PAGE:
Signs and Formulas in Excel

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Excel Chapter 9 of 24: Signs and Formulas in Excel Here are the 16 spreadsheet signs used to develop Excel formulas. 14 of them are basic one is essential if you want to do more with Excel and the other one is rarely used. 
Signs 
What it Does 
= 
Equals 
( 
Open parenthesis 
) 
Close parenthesis 
, 
Separating arguments 
: 
From A1 to A23 A1:A23 
+ 
Plus and is also used to separate arguments in SUMPRODUCT formulas 
 
Minus 
* 
Multiplies and is also used to separate arguments in SUMPRODUCT formulas 
/ 
Divides 
< 
Smaller than: used mostly within IF formulas 
> 
Greater than: used mostly within IF formulas 
" " 
What is within is text 
& 
Working with text, assembling strings (chains of characters), concatenation 

Separating arguments (Metric system) 
$ 
Absolute/Relative References 
^ 
Returns the result of a number raised to a power 
' 
Transforms any content into text 
=A will result in the error message #Name? because Excel doesn't know a function by the name of A. =" A" will result in A because you are saying with the double quotes that you want this cell to carry the character A. =A1 will result in the value of cell A1 be it a number, a date or a string of character. =3 will result in the number 3 =A1+A2+A3 will result in the sum of cells A1, A2 and A3. You can also use the SUM function =SUM(A1:A3) the colon meaning from/to. =10/A1 will result in 10 divided by the value of cell A1. If cell A1 is empty or contains zero you end up with the error message #DIV/0!. =IF(A1> 90,"A" ,"B" ) in plain English this formula says if the value of cell A1 is greater than 90 then the value of the cell in which resides this formula should be the letter A otherwise it should be the letter B. Notice the commas separating the three arguments of this IF formula. IF(condition, value if condition is true, value if condition is false) =IF(A1< > 100,0,100) in plain English this formula says if the value of cell A1 is different than 90 then the value of the cell in which resides this formula should be 0 otherwise it should be 100 =IF(A1< =100,0,100)in plain English this formula says if the value of cell A1 is smaller then or equal to 100 then the value of the cell in which resides this formula should be 0 otherwise it should be 100 If in cell A1 you have "Peter" and in cell A2 you have "Clark" the formula =A1 & A2 in A3 will result in "PeterClark" . If you want a space between the first name and surname you will use the formula =A1 & " " & A2 telling Excel to insert a space (Space between double quotes) between the values of cell A1 and cell A2. You must learn to master the use of the dollar sign ($) if you want to start developing long and complex formulas that you would want to copy/paste. To insert $ signs within an address select it in the formula bar and click on the F4 key once, twice, three or four times as needed. If in cell A1you have the formula =B6 it will become =B7 when you copy/paste it in cell A2 and it will become =C6 if you copy/paste it in cell B1 because the row and column are relative. If in cell A1you have the formula =$B$6 you can copy/paste it anywhere, the address doesn't change because the row and column are absolute. If in cell A1you have the formula =$B6 it will become =B7 when you copy/paste it in cell A2 and it will remain =$B6 if you copy/paste it in cell B1 because the row is relative but the column are absolute. If in cell A1you have the formula =B$6 it will remain =B$6 when you copy/paste it in cell A2 and it will become =C$6 if you copy/paste it in cell B1 because the row is absolute but the column is relative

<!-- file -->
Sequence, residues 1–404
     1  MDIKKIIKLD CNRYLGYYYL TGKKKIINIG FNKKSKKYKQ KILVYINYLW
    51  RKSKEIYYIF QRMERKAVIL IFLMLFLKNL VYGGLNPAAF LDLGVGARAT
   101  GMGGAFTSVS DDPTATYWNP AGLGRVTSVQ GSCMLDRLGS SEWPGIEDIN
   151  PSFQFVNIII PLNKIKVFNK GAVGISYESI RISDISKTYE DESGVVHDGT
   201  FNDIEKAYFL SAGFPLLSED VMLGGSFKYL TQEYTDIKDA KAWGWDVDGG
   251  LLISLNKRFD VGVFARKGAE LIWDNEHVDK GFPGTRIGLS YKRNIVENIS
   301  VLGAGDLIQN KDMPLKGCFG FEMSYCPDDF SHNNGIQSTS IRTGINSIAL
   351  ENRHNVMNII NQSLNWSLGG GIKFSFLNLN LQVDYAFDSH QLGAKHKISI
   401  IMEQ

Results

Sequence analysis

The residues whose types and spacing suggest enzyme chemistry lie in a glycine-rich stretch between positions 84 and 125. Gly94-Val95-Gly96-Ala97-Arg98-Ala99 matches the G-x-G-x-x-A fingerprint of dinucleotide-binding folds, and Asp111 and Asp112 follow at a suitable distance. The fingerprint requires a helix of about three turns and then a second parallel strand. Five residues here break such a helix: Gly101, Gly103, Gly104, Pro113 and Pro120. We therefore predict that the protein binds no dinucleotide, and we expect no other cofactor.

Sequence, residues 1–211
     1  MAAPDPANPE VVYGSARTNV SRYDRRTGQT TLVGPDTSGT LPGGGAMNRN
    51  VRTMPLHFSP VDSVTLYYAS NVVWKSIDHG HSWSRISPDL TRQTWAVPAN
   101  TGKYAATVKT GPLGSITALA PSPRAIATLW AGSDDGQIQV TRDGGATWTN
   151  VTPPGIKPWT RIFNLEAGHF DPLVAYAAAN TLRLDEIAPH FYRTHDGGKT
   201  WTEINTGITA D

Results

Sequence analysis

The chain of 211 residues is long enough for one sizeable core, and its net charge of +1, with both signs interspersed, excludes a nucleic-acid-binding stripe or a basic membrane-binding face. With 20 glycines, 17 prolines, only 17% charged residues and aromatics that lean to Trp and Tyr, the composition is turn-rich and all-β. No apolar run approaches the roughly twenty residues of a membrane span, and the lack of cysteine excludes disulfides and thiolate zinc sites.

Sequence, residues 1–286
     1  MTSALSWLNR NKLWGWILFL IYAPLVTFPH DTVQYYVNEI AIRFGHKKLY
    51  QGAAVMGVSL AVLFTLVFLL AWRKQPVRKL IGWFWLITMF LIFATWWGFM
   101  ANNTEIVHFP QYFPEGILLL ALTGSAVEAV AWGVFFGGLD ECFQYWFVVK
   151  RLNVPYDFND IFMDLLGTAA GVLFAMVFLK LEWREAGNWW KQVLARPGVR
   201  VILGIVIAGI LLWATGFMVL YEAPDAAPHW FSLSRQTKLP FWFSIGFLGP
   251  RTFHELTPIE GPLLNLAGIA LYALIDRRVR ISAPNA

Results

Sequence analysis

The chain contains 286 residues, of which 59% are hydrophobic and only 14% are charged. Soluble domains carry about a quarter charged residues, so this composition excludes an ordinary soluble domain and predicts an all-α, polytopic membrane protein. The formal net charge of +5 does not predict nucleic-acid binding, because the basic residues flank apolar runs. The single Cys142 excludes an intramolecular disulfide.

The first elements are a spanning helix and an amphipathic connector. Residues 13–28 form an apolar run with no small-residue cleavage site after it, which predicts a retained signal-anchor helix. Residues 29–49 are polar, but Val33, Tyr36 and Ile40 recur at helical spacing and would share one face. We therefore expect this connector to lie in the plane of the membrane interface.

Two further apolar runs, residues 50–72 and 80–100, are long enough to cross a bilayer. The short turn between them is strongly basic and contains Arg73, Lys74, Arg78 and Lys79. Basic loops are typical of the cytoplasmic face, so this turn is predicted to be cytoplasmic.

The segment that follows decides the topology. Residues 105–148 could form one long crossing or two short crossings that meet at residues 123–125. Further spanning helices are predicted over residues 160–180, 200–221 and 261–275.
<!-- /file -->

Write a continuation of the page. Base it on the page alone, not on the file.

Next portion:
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Tips and Ideas on Excel 
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Signs and Formulas in Excel